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Something to crow about...

Every March, my husband and I note the return of a small flock of crows to our home High Point in Grand Blanc. They are always only three or four crows and being a curious sort I decided to take this morning to delve into Arthur Cleveland Bent's account of the life history of this bird to learn why.  I have the former Genesee County Audubon Society's past president and friend, Sharon Johnson, to thank for first informing me about this fine series of publications that include detailed information on behavior, nesting habits, migration, food choices and more on nearly every species of North American bird. Sharon told me about A. C. Bent's books back in 1992; it took me about six years to compile the 22 books in the series -- many of which are now out of print.

a study of crows....or, a crow studyIn The Dictionary of American Bird Names, the name crow comes from an early interpretation of one of the bird's calls, "Caw".  From the name crow we have derived expressions such as "crow's feet", or "as straight as the crow flies" (referring the crow's habit of flying straight to its roost at night), and "nothing to crow about".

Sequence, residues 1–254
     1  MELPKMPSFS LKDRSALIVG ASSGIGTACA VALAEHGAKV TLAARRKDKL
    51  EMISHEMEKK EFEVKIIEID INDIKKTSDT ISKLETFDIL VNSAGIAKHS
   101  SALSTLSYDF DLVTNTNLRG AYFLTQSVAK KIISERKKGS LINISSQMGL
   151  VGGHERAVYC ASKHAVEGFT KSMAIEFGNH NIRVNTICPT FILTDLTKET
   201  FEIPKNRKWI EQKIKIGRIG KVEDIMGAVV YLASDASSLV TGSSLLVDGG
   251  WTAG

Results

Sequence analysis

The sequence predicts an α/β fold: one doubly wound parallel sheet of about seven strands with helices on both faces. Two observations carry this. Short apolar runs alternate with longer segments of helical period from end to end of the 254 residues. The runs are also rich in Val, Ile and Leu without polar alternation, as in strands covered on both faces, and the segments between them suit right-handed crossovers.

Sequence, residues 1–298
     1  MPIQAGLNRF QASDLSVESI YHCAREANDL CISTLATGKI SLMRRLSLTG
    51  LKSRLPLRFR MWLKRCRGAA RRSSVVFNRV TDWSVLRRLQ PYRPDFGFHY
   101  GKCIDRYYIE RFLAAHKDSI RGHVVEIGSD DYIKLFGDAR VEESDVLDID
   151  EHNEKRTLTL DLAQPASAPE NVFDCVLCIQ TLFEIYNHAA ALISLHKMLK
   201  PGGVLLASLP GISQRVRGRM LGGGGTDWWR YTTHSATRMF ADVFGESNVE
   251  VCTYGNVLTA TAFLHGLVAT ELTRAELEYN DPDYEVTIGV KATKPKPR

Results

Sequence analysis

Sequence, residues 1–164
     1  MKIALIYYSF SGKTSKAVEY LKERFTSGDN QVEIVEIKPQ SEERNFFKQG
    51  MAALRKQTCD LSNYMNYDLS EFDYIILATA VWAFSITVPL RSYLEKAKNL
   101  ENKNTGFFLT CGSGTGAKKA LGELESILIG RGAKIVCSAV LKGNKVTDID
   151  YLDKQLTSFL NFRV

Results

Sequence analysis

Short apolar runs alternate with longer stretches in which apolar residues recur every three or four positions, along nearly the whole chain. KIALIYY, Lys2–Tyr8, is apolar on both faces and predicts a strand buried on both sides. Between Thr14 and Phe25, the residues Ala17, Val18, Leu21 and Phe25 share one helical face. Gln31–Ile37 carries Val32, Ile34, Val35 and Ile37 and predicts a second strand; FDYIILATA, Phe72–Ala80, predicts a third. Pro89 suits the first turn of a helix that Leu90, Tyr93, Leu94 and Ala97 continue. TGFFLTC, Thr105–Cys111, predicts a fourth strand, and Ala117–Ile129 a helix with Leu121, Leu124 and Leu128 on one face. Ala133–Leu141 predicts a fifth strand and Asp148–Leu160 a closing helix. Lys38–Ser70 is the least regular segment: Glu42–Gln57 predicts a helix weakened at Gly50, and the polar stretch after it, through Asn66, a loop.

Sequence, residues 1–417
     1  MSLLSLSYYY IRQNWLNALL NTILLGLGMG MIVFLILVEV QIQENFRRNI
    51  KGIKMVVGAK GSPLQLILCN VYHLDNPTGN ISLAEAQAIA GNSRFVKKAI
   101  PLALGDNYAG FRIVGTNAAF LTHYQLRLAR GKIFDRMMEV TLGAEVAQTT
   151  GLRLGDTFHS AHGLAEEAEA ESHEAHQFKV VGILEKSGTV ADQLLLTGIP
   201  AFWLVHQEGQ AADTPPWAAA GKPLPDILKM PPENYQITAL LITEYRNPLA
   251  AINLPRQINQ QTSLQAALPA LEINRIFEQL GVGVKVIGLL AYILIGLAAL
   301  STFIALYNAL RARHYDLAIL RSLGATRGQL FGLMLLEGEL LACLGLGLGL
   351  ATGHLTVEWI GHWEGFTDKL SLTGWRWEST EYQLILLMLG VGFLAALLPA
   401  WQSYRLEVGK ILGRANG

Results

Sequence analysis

Crows have always been quite controversial and they were once heavily hunted. They are now protected by the Migratory Bird Treaty Act of 1918 and in spite of the previous attempts to eliminate crows they remain widespread and are considered common. I did find reference regarding the behavior we observe in A.C. Bent's section on the American crow.  Since we do not observe any of the typical courtship behavior such as head bobbing, aerial gyrations or chasing the group of three and four birds that we are seeing in March are most probably males who are simply "milling about".  They are here only a few weeks and then they disappear to areas more suitable for nesting that includes thick forests of pines.

If you would like to read the full and very interesting account about the American crow published in A. C, Bent's Life Histories of North American Birds visit this website: http://birdsbybent.netfirms.com/ch81-90/amercrow.html

Louise Dawson
on behalf of the the Naturalists at J.J. Cardinal’s
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